It was one of those days when hospitality and kindness and human warmth and collective creativity all come together and create something especially beautiful
Thursday, April 05, 2018
What we say and what we do really matters
At the beginning of the Passion Play on Sunday, I noticed an old lady in the audience. She was walking with a zimmer, and she had a special air about her. An air of happiness and determination, somehow.
I saw her watching all the scenes in the manse grounds, and then in the Stations of the Cross going round Duddingston village.
She was there at the foot of the Cross also.
Then I became preoccupied with standing in the right place and saying the right words, and I lost sight of her.
But apparently she saw everything. And that night she phoned the minister, the lovely Jim Jack, to say it was the best Easter she had ever had.
And last night, suddenly and unexpectedly, she died.
Her name was Grace.
It moves me so profoundly to think that we contributed to her happiness on almost her last day on this earth.
And it reminds me that everything we say and do, and every human encounter we have, can have consequences far beyond what we imagine or expect.
I guess as an artist I'm especially aware of this. Aware of this as a writer - especially this week as I finish off my radio plays about death - and particularly aware as a performer. Because I am always encountering people, often without being aware of it, and these encounters have consequences.
I want the consequences to be good.
I want the art I create to make this world a better place, even in the tiniest of ways, and I want the experience of those who witness it to be positive.
We all have such a responsibility for the well-being of the world.
I feel so helpless sometimes, which is why it does me such good to hear of people like Grace.
And as Calderon says, "the good you do is never lost. Not even in dreams."
Tuesday, April 03, 2018
Lies lies and more lies
I know it's a waste of time to get cross with the British press for lying. It does it all the time.
But the abuse that has been heaped on Jeremy Corbyn for being anti semitic and that culminated today in him being accused of it again because he attended a Passover celebration...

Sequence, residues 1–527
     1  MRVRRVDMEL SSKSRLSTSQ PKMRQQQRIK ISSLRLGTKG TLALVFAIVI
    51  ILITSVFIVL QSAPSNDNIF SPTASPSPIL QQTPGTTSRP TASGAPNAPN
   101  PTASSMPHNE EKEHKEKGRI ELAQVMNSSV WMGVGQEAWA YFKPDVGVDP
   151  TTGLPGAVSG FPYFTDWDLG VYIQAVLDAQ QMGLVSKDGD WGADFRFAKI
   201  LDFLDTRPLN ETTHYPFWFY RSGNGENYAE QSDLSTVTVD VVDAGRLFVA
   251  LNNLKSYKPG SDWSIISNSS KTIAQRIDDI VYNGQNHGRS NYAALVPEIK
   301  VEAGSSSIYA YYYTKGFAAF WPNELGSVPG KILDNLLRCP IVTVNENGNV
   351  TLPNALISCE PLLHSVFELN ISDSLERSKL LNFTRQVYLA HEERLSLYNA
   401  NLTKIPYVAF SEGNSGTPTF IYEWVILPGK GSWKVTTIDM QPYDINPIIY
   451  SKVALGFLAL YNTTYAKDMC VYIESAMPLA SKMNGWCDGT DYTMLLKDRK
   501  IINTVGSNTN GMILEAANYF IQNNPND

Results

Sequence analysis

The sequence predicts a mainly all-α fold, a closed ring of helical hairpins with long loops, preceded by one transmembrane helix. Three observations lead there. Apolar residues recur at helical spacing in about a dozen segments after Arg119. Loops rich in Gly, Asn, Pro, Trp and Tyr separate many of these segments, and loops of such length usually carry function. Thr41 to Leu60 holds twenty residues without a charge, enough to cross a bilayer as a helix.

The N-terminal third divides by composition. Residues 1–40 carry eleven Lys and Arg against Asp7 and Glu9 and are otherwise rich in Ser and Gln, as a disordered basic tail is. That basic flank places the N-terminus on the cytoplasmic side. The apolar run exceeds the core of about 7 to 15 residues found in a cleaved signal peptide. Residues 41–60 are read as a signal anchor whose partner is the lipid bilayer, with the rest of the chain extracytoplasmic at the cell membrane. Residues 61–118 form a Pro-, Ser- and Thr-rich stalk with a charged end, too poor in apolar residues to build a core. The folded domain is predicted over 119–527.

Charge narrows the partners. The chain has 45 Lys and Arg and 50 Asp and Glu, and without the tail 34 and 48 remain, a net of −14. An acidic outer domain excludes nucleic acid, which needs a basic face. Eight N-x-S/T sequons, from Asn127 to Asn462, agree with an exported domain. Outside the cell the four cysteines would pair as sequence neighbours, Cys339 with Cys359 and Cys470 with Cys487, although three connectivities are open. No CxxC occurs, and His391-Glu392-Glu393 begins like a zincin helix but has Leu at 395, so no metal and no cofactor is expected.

It is more than grotesque.
And the abuse he suffered for suggesting that we should not rush to the conclusion that the Russians poisoned the ex-spy and his daughter in Salisbury...
His stance there, too, has been shown to be justified.
And this from the paper that disgracefully collaborated in both campaigns of smear and abuse.
I am glad at least they are correcting it.
Perhaps at least for a day or so I can glimpse the news without being convulsed by fury.
Sunday, April 01, 2018
In theory, it's quite simple being the Angel in the Duddingston Passion Play. You just have to be present.
The Angel is there from the very beginning, when Jesus blesses the bread and the wine for the last supper. She is there when Jesus blesses the children, and reminds us that we have a light and we must allow that light to shine.
She is there when Pilate and the High Priest interrogate Jesus; when Pilate reluctantly condemns him to death. When Pilate washes his hands of the crime.
And she is there when Jesus picks up his cross and carries it to his death.
She is there at the foot of the cross; there when his dead body is taken down from the cross; and there when the women are wailing at the empty tomb.
And it is there that she comforts the women and announces that Christ has risen from the dead.
All this happens in th presence of the forty or so members of the cast, and the hundreds of people in the audience. Some of whom were weeping as they followed Jesus on his journey to the cross.
It is such a profound thing to live through, and it had an added dimension because I was also with my sisters. With Annabel Cooper, showing the film of Queen Jesus to Trans Pride in Leeds. With Fabiana Fine who has so recently performed as Queen Jesus in Montevideo. With Renata Carvalho and Natalia Mallo presenting the play in the Anglican cathedral of Curitiba in Brazil.
All on Easter Sunday.
And then a long pause, while I try to think about what this all means.
Then I remember that the lines I speak in the play are directly derived from the old liturgical question and answer: "Quem quaeritis?".
This is the question the angel asks the women at the tomb. Who are you seeking? And they say they are looking for Jesus. And the angel says he is not there, he has risen. Just as I say...
And then I remember that this became the origin of a huge number of medieval religious plays. And that these plays then gave rise to European theatre.
And that means that what we are doing as we present Queen Jesus has very deep and very ancient roots.
And somehow that makes me happy and proud; and makes me all the more convinced that what we are doing is right.